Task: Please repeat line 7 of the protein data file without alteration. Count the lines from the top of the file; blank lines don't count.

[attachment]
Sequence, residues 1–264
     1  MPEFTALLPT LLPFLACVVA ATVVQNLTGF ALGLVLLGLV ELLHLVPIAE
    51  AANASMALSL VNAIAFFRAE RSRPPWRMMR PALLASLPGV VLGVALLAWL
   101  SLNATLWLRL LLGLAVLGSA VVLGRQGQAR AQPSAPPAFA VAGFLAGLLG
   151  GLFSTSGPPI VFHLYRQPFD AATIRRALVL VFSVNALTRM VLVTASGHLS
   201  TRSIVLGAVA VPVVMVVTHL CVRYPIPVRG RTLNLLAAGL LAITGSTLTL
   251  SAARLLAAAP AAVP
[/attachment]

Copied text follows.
   251  SAARLLAAAP AAVP